By Wendy Underhill
I had the pleasure last week of presenting to the Joint Election Officials Liaison Committee, a group of committed election professionals who gather every year to see what’s percolating on the election policy front.
Right after me, Neil Jenkins of the Department of Homeland Security (DHS), spoke and offered a presentation titled “DHS Cybersecurity: Services for State and Local Officials.”
This was about six hours before DHS designated election infrastructure as a critical infrastructure subsector under a federal program—news he was not at liberty to share with the audience.
What, pray tell, is “election infrastructure"? They include polling places, storage facilities, centralized vote tabulation locations, IT systems relating to voter registration, voting systems, and election management systems, according to Jenkins’ presentation.
And, what is a “critical infrastructure sector”?
There are 16 of them: energy, dams, critical manufacturing, communications, chemical, defense industrial base, health and public health, food and agriculture, emergency services, commercial facilities, water and waste water, financial services, nuclear reactors, materials and waste, transportation and government facilities. Elections infrastructure will be a subsector nested under government facilities.
This designation pleases some—especially election security advocates—and infuriates others on the grounds of federal “overreach” into states’ affairs. The National Association of Secretaries of State put out a statement that takes a middle ground, and calls the designation “legally and historically unprecedented” and reminds readers that “the November 2016 election—the voting process itself—was not hacked or subject to manipulation in any way.”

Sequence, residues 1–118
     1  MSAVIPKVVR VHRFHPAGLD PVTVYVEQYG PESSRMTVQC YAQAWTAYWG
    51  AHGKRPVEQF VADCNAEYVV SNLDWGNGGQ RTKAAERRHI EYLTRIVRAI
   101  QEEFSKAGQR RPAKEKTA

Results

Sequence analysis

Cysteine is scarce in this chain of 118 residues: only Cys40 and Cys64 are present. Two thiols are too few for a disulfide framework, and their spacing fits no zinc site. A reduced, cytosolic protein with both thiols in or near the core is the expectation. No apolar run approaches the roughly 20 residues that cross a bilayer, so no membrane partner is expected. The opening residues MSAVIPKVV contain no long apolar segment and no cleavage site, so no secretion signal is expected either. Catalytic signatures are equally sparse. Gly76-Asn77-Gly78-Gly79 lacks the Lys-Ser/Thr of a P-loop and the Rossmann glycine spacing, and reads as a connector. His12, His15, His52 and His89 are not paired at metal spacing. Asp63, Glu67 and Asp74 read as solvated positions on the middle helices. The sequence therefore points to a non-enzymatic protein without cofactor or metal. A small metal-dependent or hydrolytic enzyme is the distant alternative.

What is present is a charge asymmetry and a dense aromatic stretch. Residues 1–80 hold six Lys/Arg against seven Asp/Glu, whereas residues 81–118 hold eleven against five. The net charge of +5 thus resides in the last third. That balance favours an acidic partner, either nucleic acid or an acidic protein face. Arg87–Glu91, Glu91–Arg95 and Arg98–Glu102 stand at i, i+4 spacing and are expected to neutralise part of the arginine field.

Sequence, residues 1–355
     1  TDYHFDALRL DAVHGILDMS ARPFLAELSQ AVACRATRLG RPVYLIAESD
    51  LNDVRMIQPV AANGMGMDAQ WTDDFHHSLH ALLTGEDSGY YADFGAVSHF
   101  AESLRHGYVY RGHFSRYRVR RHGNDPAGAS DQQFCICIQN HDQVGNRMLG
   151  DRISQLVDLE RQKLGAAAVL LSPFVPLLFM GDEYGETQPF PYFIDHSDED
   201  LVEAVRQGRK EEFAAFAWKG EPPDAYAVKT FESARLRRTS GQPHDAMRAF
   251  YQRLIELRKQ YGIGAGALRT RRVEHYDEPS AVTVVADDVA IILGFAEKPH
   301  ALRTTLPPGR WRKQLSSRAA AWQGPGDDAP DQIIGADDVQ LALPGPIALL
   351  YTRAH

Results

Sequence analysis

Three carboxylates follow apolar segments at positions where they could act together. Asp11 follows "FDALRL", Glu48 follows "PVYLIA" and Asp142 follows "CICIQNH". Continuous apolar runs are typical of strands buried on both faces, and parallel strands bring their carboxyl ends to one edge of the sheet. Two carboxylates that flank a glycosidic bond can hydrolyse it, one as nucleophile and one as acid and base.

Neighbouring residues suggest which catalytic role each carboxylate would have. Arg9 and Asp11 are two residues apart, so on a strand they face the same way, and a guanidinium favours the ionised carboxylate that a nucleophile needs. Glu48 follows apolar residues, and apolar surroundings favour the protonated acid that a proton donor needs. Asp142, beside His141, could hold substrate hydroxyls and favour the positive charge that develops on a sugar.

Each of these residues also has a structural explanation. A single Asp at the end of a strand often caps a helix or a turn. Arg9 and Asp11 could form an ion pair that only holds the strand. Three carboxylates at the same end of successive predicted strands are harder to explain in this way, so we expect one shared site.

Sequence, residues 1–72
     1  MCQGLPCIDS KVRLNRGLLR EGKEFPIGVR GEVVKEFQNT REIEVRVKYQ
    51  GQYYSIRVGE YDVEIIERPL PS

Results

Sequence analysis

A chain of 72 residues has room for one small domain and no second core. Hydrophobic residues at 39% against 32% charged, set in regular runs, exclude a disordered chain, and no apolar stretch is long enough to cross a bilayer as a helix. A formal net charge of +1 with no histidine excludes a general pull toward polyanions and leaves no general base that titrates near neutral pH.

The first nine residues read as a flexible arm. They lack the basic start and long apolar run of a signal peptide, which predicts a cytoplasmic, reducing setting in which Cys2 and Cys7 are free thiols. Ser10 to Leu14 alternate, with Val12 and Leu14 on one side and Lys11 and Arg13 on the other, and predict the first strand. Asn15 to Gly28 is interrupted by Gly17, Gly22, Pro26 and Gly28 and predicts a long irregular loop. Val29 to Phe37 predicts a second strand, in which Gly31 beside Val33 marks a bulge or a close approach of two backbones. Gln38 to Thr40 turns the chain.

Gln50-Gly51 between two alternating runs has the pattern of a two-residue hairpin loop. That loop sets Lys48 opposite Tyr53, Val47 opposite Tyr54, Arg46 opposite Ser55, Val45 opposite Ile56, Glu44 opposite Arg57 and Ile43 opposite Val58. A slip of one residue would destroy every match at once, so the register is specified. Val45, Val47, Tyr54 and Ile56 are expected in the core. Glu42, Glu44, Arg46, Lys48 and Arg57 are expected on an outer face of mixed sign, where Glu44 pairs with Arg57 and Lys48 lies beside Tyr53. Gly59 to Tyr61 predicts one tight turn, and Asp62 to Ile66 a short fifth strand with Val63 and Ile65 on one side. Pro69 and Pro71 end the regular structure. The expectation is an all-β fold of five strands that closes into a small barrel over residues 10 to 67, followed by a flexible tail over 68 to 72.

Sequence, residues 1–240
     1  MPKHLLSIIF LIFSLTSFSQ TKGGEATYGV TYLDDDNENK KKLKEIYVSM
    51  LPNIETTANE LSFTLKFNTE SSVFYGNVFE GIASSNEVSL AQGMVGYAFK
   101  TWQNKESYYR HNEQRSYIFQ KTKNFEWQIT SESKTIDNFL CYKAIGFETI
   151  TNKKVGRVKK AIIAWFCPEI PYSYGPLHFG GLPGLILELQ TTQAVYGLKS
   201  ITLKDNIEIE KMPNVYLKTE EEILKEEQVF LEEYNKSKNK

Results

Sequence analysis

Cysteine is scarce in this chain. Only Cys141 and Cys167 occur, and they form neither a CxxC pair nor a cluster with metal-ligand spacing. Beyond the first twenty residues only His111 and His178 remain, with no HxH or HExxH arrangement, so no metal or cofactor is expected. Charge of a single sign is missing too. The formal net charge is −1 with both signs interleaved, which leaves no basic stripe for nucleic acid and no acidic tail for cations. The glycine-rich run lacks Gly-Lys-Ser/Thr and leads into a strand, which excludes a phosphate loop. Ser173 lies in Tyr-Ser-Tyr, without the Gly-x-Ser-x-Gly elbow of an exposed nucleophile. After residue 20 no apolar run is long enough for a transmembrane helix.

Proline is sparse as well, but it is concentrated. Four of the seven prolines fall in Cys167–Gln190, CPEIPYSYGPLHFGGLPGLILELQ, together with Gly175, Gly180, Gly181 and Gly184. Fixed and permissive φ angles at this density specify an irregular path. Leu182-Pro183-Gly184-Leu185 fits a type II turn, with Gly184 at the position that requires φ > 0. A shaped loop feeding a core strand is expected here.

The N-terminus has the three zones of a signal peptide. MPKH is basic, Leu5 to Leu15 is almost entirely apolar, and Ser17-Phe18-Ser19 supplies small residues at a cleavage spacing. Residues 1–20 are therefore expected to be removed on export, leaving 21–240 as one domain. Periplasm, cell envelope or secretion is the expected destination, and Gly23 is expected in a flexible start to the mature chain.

Doug Chapin, who writes the Election Academy blog, laid out three good questions election professionals may want to ask about the critical infrastructure designation.
- What exactly does the designation mean?
- How does this affect the federal/state balance of control over elections?
- Will it stick?
The third question refers to Jan. 20 and beyond. The Trump administration could retain the designation, or change it.
The second question is a key one this year: What is the responsibility of the states, and what is the responsibility of the feds? No one knows yet what the new designation may require, or mandate, from the states.
As for the question about what the designation means, I turned to Jenkins’ presentation. He made the point that already and at any time, any state or jurisdiction can ask for assistance in checking their systems and protocols. By making the designation of elections as a critical infrastructure subsector, this existing work would be stepped up, and communications between the feds and states would be improved. This includes the creation of a coordinating council, and the provision of “an effective mechanism for election officials to share vulnerability information and ensure that mitigations can be applied to all.”
- Election officials would be able to get the appropriate security clearances to briefed on classified matters.
- Officials would benefit from federal strategic efforts, which could include the promotion of international norms that prohibit peacetime cyber-attacks against critical infrastructure.
- Sanctions could be quickly placed on those responsible for cyber-attacks.
Good or bad? That’s a question for discussion with your state’s chief election official.
Wendy Underhill heads NCSL’s Elections and Redistricting Program. She is interested in hearing from readers whether they see the critical infrastructure designation as good or bad.